Before all, get a look at the Primer section
SDW Shading Colors have a different formulation compared to other acrylics. And so their use too is different.
Often, other "heavier" acrylics require large nozzles. They also require a broad dilution with specific thinners and a slow flow - lower air pressure - .
This to avoid them to dry on the airbrush tip, obstructing it. And to avoid them to dry on the course between the airbrush and the model's surface, resulting in a rough, orange peel paint layer.
Instead, let us see SDW Shading Colors behavior :
The combination of coloring micro-resins and slow drying get a higher fluidity. They encourage the use of litlle nozzles, 0.2 to 0.15. Larger nozzles, needful for other acrylics, are useless.
Most of the tasks can be done with undiluted paint. For aribrush-use thinning you can use water, alcohol - ethanol, denaturated or isopropanol -. You also can use a good number of acrylic thinners on the market, but you do not need them.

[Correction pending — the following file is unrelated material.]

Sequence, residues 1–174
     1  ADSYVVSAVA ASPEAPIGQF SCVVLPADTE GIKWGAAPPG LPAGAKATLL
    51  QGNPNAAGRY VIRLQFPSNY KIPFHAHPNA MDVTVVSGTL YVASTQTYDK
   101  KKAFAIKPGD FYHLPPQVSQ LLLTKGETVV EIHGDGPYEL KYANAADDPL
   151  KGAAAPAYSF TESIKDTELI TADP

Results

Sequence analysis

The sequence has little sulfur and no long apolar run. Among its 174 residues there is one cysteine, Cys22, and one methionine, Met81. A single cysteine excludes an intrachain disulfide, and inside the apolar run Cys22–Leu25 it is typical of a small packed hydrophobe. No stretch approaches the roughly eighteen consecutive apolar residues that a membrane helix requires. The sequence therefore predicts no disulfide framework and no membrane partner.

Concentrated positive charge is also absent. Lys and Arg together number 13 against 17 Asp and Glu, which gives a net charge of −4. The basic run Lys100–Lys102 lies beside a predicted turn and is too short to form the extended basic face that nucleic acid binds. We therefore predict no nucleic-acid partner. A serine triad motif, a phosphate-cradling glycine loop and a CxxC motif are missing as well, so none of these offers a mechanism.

If you want a dilution, do it in a separate pot, not into the airbrush cup.
They prefer higher pressures. Per example, with an undiluted paint an Olympos hp 100 b or a Fengda BD 1800 with a 0,.2 nozzle require ab.1.5 to 2.00 bar - 22 to 30 psi. An Infinity CR Plus with a 0.15 nozzle can get a lower pressure.
Diluting them, and upon the job to be done, pressure will be progressively lowered. But it will usually be higher compared to other acrylics.
Given the slower drying time, with a double action airbrush I suggest you to spray more air and less paint than you usually do with other paints. This way you achieve a faster drying and thin, smooth layers.